RIO DE JANEIRO - Brazil's Supreme Court on Wednesday upheld a lower-court injunction barring oil major Chevron Corp. and drilling rig operator Transocean Ltd. from operating in the country, denying a request by local regulators to lift the ban.
Brazil's National Petroleum Agency, or ANP, appealed the ban because it believes enforcing the injunction and immediately halting the two companies' operations could cause serious safety problems and great economic harm, according to the ruling.
The decision returns Chevron and Transocean's broader appeal of the ban to a regional court in Rio de Janeiro, where the case is ongoing.
A Brazilian court banned the two companies from operating in the country in late July because of their roles in an offshore oil spill last year.
"This is very disappointing, as we believe the injunction order is unwarranted and is flawed legally and procedurally," Transocean Chief Executive Steven Newman told analysts on a conference call Wednesday morning. "Let me assure you that the technical merits of our case are strong, and we are pursuing the many avenues available to us to appeal the preliminary injunction."
Chevron said in a statement that it is "disappointed" in the court's decision. Chevron "will seek all legal means at our disposal to overturn the injunction and demonstrate the company acted diligently and appropriately at all times," the statement said.
Transocean shares closed down 0.9% at $46.19 Wednesday. Chevron shares ended the day up 0.3% at $114.48.
The ANP had sanctioned Chevron and said it would fine the company for any wrongdoing relating to the spill, but has cleared Transocean.
Despite the incident, ANP officials have said they would meet with Chevron to discuss restarting output at the Frade field, which the company voluntarily shuttered in March.
Mr. Newman said Wednesday the court hasn't yet served the company with the injunction and that all of Transocean's rigs in Brazil are still under contract and generating revenue--the company has 10 rigs in Brazil.
Under the terms of the injunction, Transocean would have to cease activity within 30 days from the date of service.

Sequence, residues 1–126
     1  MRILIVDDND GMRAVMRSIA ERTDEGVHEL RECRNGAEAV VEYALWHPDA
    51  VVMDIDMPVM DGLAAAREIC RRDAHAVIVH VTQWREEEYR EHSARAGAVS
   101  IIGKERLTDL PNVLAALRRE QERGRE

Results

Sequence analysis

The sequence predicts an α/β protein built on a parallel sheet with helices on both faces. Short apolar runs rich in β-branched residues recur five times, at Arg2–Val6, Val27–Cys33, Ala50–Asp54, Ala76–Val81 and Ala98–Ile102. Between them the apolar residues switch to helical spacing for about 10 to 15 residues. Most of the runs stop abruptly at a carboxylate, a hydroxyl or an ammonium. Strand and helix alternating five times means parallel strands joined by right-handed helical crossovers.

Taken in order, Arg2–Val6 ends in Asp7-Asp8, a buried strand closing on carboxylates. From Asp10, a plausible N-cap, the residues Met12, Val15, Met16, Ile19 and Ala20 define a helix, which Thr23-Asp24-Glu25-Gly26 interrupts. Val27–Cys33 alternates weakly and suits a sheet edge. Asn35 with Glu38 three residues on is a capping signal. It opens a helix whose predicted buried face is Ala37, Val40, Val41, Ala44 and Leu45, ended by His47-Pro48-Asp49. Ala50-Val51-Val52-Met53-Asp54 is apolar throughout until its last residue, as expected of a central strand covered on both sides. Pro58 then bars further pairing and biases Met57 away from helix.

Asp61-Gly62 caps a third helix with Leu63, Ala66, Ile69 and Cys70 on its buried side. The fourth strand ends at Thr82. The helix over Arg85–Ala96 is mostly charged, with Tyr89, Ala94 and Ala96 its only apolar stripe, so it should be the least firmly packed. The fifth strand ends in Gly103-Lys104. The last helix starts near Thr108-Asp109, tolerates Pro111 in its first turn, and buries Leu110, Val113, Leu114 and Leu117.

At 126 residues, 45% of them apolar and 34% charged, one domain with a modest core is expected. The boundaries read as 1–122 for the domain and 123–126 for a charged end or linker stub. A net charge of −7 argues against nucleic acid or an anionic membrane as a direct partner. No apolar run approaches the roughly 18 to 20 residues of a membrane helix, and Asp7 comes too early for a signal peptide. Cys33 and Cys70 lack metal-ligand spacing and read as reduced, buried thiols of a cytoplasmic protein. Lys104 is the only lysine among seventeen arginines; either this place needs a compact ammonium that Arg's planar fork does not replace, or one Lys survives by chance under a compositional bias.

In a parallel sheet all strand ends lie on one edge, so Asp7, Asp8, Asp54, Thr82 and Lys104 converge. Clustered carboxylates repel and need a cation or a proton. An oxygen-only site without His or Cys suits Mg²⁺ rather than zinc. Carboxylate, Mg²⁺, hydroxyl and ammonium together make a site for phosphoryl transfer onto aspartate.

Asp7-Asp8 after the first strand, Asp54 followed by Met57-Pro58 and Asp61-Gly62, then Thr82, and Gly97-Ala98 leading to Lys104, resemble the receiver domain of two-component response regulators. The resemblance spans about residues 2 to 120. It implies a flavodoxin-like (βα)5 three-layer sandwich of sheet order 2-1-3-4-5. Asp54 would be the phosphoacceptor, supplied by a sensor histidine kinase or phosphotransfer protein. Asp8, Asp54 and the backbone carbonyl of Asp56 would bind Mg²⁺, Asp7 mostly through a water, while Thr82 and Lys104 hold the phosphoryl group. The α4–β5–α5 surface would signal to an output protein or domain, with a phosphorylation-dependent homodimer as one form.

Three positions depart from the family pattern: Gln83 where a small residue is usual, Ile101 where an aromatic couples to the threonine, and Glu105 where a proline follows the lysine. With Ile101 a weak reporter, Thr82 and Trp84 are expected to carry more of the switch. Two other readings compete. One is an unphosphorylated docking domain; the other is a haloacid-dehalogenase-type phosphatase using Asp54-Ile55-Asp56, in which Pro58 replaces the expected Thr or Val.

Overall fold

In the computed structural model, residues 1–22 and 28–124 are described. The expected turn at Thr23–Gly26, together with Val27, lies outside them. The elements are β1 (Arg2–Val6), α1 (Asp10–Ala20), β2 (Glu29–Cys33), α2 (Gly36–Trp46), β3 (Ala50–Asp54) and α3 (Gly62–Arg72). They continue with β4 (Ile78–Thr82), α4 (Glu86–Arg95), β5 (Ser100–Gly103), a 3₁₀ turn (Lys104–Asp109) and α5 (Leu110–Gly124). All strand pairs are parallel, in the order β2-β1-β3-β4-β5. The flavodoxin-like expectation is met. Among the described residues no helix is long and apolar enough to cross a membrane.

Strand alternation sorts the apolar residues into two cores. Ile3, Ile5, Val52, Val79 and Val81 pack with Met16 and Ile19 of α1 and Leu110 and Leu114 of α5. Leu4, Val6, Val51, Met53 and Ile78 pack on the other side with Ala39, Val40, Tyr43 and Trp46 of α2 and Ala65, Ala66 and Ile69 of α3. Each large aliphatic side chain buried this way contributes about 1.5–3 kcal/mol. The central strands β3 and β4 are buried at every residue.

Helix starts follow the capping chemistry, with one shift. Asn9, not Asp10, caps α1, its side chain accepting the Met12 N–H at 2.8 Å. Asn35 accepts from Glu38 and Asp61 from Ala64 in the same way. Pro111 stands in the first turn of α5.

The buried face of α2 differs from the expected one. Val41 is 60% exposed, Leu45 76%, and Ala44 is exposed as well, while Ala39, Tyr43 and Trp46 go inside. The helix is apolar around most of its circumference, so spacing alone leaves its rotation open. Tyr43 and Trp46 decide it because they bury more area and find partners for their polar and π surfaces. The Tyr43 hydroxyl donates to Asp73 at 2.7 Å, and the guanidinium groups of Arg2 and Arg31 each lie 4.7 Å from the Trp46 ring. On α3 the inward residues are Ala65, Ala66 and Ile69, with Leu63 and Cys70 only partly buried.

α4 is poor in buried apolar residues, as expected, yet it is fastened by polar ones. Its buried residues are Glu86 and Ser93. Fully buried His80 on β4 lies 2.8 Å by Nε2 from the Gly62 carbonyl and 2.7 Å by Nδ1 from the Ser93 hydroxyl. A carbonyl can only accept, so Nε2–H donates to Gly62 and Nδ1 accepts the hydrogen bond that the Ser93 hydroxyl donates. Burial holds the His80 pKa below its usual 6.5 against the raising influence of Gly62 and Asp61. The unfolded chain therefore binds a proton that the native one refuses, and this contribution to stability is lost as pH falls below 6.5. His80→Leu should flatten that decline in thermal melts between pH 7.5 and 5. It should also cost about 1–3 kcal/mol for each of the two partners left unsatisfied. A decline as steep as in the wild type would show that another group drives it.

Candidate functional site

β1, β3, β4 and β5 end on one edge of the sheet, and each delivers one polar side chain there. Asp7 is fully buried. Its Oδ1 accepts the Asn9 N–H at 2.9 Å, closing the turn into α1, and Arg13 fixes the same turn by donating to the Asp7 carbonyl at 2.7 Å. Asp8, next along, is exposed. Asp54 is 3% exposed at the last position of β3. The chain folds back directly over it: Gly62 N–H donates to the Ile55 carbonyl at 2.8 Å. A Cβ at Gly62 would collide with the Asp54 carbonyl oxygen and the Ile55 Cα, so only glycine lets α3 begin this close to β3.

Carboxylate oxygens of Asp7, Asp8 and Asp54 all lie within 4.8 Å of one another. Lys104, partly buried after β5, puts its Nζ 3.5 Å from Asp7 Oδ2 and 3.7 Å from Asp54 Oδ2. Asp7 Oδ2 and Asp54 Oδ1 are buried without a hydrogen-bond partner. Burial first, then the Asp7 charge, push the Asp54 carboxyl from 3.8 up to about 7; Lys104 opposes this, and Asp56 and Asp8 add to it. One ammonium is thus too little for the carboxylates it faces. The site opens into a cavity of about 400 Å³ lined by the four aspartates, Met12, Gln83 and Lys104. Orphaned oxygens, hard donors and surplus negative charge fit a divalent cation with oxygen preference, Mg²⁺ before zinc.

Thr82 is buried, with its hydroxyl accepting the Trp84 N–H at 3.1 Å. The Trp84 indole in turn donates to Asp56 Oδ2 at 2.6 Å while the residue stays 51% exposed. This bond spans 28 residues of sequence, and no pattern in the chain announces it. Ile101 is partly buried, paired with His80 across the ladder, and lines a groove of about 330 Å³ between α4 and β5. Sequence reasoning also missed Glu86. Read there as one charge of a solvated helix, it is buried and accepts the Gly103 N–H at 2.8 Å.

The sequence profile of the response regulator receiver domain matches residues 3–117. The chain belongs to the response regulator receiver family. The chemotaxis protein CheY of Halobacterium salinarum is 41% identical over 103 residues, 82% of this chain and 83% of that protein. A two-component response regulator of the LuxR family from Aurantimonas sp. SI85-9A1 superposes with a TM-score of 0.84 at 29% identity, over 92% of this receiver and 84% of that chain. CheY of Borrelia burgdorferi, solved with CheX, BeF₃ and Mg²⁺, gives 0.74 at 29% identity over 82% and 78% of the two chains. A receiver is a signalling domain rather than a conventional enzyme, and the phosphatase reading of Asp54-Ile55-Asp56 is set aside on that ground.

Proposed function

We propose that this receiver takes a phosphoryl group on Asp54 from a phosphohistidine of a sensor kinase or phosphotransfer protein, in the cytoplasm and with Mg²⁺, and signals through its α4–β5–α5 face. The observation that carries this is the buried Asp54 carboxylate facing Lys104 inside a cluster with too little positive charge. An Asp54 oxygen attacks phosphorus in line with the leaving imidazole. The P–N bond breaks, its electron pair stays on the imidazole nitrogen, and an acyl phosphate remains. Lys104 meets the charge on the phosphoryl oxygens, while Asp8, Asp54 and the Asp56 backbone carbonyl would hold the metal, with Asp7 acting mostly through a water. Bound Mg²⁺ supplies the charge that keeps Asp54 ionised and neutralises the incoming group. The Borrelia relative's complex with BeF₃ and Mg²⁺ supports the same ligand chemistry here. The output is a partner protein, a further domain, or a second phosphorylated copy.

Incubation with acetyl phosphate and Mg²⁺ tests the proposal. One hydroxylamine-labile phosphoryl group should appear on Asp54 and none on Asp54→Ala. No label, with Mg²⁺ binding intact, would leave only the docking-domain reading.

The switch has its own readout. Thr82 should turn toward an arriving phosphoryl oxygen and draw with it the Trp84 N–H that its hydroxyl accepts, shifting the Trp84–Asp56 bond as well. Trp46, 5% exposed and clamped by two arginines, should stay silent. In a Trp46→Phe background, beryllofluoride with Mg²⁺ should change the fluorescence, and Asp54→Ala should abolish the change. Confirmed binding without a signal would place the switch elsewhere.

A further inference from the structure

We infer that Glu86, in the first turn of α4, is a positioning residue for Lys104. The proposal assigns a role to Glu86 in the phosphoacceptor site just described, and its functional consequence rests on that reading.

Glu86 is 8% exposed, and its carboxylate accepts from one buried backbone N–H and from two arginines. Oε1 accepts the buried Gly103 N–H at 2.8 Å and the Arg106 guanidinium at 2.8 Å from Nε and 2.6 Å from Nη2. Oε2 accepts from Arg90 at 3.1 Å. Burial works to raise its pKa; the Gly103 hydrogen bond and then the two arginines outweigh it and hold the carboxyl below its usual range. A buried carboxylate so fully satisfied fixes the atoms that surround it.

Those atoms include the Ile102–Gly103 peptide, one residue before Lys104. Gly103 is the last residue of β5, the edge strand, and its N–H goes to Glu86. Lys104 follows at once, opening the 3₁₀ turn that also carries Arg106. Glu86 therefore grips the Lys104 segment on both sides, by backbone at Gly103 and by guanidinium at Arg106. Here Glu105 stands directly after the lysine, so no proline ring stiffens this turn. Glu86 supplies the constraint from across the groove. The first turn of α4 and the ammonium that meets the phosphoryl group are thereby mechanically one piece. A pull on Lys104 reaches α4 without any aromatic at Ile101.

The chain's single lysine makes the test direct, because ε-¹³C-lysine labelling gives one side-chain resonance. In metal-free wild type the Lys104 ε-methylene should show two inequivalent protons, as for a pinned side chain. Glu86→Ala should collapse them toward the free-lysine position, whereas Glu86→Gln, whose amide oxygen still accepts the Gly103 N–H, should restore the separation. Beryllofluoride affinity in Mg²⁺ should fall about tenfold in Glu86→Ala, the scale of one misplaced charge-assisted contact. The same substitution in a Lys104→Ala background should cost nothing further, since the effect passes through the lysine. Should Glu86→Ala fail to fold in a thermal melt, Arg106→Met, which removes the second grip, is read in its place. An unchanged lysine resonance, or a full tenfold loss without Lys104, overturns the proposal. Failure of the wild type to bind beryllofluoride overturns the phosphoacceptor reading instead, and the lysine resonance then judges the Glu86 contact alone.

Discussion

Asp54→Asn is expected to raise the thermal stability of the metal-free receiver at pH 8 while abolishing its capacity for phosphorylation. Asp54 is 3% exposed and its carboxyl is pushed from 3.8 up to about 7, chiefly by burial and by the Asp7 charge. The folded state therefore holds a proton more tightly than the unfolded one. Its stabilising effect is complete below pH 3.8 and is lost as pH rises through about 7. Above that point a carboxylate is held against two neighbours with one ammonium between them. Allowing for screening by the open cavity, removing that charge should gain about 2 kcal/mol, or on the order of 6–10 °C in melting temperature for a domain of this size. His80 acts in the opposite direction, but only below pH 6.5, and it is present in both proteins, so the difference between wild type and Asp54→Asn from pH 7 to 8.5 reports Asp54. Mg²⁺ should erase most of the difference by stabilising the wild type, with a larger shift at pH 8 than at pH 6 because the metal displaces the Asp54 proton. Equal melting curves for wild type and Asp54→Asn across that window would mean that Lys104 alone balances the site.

Guy Cantwell, a spokesman for Transocean, said despite the recent court decision, there are still avenues for the company to contest the injunction.
"We will use all available resources to prevent a shutdown, even temporarily, of Transocean's operations in Brazil," he said in a statement. He said Transocean's crews and equipment functioned correctly and weren't to blame for the spill.
Mr. Newman said that if the injunction does go into effect without a successful appeal or intervention, he didn't think it would mean the end of Transocean's contracts in Brazil, though its rigs would stop bringing in money.
"I think the worst-case scenario is that we go to a zero rate environment and the customers don't terminate the contracts," he said.
But that scenario still "doesn't look pretty" for Transocean, which earns about 11% of its revenue in Brazil and would continue to incur costs keeping its rigs ready to work at a moment's notice, Mr. Newman said. Transocean had $2.575 billion in revenue in the second quarter.
The ANP also made the appeal as part of a turf war with the justices who issued the ban, with the ANP claiming that its position as the oil industry regulator gives it sole jurisdiction over deciding whether or not an oil company can operate in Brazil.
State-run oil giant Petroleo Brasileiro SA, or Petrobras, has contracts with Transocean rigs and has continued to support the company, Mr. Newman said. Mr. Newman said the company had received "unprecedented" support from its customers.
Copyright (c) 2012 Dow Jones & Company, Inc.
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